Harris continues to work in his garden studio every day, and this retrospective, which spans more than half a century, reveals an artist of considerable versatility, able to move ﬂuently between representational and abstract pictorial modes in a way that speaks to his years at Leeds College of Art.
For while a traditional, academic method of training prevailed when Harris was studying for his ﬁne-art degree between 1948 and 1952, when he returned to Leeds for teacher training in 1954, he was surprised to discover that everything had been turned on its head.
“Harry Thubron and Tom Hudson had come down from Sunderland, thrown out all the anatomical casts, painted the whole place white and started teaching a course called Basic Design, which was informed by Bauhaus principles,” Harris says.
“It was exactly what I was looking for, because while I was in the army I had become interested in artists like Paul Klee, who taught at the Bauhaus for 10 years,” he says.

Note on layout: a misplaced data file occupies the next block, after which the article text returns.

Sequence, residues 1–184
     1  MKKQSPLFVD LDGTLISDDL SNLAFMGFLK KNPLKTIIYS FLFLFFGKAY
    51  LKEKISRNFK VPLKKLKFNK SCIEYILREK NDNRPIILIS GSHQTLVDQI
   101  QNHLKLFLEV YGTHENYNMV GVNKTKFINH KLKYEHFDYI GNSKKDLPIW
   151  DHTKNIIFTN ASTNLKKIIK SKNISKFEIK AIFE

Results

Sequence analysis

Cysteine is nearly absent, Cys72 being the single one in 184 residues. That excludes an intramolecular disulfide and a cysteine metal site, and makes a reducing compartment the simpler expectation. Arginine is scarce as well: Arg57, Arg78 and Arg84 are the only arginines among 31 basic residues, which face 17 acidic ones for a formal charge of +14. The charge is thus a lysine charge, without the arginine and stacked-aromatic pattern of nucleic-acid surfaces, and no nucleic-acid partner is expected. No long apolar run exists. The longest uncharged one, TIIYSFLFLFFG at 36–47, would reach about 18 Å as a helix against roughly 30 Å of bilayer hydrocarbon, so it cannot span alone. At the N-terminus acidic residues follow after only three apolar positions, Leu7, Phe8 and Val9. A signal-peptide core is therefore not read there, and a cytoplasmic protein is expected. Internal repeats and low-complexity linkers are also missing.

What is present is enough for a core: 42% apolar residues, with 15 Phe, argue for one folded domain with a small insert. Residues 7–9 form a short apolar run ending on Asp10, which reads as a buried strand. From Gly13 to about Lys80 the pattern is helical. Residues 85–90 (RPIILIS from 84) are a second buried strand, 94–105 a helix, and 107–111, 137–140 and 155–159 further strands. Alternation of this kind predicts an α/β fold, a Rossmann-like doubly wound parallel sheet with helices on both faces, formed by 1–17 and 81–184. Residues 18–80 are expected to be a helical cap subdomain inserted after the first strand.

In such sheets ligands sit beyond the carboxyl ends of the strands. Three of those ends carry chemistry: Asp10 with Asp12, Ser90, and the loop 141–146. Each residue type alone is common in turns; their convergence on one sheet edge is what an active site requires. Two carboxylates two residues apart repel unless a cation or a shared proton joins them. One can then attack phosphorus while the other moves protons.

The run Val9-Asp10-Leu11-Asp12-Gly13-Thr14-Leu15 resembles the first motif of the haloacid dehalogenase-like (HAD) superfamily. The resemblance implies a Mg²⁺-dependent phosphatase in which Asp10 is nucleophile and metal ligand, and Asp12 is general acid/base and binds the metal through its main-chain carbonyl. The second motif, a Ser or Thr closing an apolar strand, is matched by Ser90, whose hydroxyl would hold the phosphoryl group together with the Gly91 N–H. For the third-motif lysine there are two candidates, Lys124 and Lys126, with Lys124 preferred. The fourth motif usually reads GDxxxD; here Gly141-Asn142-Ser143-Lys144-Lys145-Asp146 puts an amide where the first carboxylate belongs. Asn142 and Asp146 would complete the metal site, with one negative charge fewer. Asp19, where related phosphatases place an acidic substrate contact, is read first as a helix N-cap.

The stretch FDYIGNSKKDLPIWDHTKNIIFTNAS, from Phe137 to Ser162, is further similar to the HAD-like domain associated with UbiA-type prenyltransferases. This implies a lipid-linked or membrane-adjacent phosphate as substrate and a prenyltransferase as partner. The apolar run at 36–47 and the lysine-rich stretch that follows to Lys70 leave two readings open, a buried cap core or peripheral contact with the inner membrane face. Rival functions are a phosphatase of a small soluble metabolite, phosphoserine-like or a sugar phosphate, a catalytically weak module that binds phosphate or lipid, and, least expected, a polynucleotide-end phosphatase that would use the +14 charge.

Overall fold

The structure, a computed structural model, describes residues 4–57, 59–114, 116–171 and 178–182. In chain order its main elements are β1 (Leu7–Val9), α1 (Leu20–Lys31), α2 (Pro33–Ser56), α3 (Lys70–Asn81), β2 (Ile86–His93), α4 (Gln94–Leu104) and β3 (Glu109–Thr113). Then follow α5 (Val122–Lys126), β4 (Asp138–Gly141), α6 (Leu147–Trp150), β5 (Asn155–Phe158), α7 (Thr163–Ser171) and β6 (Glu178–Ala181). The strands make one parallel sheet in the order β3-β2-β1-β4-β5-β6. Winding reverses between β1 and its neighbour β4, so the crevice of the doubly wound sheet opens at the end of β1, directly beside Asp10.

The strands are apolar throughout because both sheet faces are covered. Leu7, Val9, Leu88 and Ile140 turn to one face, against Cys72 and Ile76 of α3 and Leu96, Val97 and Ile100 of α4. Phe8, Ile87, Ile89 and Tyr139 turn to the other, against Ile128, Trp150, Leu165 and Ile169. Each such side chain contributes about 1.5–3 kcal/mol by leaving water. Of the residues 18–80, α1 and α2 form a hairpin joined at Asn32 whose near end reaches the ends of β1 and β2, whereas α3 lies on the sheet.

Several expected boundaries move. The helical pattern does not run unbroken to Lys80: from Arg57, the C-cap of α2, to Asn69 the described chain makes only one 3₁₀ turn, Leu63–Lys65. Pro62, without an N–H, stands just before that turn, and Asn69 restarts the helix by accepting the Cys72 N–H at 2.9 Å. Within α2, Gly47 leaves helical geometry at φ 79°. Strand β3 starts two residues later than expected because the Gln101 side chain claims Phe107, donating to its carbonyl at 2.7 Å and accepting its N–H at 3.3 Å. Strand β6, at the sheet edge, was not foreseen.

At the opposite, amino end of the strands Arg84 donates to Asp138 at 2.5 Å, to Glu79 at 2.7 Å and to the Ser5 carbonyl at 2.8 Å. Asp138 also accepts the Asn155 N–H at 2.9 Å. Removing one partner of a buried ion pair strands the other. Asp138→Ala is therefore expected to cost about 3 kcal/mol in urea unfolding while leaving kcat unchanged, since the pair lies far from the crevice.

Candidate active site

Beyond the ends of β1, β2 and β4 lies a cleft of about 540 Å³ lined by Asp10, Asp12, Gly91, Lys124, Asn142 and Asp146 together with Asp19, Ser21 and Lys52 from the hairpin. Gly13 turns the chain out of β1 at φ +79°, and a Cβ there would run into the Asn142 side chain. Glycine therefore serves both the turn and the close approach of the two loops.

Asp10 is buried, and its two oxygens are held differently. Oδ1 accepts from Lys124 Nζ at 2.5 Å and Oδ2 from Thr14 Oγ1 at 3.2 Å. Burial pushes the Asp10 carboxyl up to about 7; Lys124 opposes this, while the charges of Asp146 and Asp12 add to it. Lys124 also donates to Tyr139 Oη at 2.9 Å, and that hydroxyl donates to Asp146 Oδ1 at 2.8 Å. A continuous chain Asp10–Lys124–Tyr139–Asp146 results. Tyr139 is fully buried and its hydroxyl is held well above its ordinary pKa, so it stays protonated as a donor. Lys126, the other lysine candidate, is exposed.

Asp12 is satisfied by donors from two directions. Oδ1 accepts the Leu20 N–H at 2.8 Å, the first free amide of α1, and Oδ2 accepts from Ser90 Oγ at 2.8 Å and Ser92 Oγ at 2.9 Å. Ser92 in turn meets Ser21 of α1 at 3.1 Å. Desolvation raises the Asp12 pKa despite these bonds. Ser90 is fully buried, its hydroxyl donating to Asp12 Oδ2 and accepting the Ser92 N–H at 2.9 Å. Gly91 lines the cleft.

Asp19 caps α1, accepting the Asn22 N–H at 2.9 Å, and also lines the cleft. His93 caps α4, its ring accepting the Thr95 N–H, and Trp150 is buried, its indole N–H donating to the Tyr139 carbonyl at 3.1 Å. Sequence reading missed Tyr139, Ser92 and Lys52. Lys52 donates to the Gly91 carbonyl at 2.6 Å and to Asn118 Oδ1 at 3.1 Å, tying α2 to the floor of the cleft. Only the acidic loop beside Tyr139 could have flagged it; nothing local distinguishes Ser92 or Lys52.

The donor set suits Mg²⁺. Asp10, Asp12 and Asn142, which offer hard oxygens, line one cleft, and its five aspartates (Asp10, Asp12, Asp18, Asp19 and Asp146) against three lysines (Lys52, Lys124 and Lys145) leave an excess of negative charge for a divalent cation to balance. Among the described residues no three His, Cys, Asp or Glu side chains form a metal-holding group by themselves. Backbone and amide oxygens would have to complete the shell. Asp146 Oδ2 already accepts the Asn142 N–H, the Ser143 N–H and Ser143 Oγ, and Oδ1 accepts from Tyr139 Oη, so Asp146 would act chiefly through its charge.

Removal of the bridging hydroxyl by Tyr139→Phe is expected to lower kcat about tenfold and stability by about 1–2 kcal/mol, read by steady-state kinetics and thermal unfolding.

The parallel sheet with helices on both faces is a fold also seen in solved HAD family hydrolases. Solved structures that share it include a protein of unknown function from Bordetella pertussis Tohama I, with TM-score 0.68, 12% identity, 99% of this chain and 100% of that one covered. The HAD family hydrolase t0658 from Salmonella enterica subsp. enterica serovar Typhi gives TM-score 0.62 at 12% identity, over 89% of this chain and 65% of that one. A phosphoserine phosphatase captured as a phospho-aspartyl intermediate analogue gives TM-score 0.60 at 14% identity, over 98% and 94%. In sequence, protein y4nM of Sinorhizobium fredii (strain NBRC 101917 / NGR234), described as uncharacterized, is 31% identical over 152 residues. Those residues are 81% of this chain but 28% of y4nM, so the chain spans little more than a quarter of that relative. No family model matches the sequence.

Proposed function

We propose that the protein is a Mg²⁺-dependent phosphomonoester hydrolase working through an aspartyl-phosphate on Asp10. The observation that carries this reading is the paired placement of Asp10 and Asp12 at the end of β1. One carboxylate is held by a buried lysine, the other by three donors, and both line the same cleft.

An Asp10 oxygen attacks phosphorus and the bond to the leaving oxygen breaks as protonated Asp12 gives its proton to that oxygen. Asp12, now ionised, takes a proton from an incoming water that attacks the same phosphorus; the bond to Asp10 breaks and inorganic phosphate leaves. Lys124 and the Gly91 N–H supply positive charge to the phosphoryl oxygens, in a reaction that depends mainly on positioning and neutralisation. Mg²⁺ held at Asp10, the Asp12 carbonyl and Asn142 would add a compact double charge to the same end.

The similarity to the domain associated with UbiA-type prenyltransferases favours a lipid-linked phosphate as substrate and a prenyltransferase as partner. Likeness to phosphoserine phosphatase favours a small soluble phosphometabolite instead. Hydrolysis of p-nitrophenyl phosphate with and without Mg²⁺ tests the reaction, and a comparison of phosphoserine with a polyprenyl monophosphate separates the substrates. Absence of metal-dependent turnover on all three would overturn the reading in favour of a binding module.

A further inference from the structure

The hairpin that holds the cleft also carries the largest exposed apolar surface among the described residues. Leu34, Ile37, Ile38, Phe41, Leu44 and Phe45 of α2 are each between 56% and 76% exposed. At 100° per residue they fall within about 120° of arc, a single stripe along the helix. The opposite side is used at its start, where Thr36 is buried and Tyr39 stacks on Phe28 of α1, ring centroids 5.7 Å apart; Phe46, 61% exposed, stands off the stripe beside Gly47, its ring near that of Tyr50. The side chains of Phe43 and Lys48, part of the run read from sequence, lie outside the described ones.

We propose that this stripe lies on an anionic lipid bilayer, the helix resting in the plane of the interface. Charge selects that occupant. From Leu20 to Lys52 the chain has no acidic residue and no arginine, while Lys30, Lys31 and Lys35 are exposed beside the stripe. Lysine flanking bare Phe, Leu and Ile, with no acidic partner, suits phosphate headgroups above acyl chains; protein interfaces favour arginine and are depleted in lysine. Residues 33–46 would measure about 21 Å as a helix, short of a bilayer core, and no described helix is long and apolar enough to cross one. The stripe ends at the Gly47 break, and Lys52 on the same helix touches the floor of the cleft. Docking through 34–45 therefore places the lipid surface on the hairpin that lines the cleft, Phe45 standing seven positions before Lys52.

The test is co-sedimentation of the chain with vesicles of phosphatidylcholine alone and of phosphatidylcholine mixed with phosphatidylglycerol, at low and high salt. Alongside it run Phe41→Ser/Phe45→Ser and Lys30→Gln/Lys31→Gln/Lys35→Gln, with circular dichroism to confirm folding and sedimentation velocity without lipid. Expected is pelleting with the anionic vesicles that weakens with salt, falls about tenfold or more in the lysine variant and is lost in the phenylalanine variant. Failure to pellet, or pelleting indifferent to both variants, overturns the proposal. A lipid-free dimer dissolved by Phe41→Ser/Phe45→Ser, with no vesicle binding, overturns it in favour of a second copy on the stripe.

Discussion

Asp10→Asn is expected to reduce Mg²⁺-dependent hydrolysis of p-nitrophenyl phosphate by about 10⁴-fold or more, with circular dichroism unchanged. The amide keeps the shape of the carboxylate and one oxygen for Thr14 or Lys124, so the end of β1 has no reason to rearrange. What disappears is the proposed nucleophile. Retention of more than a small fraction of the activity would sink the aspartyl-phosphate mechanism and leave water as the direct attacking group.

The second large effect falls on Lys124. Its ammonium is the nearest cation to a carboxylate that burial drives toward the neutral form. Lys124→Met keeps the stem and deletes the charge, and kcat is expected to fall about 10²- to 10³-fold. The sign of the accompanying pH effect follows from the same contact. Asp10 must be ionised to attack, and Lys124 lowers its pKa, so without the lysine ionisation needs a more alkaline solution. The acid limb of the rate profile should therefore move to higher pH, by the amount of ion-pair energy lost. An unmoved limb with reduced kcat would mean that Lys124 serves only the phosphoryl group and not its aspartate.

In St Ives: The Art and the Artists, Chris Stephens writes that the “pioneering” course in Leeds “aimed to teach students to use their imaginations and to learn essential formal grammar”, implicitly encouraging abstraction. While there, Harris attended lectures by Victor Pasmore, who had sensationally ditched ﬁgurative art for Nicholson-inspired constructivism in the early 1950s.
“That’s where my ﬁrst square paintings came from. Heron started painting squares around that time too. What is the essence of it? If your support is shaped like a rectangle or a square, the easiest thing to paint is a square, because then you can control everything,” Harris says.
“Once you start putting curves in, where you are, you don’t know. So this new approach to teaching laid the groundwork for everything that followed. It was a whole new way of thinking about form, space and the surface of a painting,” he says.
Writing in St Ives Revisited: Innovators and Followers, Peter Davies argues that Harris’s early “‘period’ style of mosaic-like squares and rectangles of thick paint” was a function of his Bauhaus-inﬂuenced training, several examples of which are included in this exhibition: Composition in Yellow 1968; Yellow Squares 1968; Green Squares (Night) 1969; and Red Squares, 1969.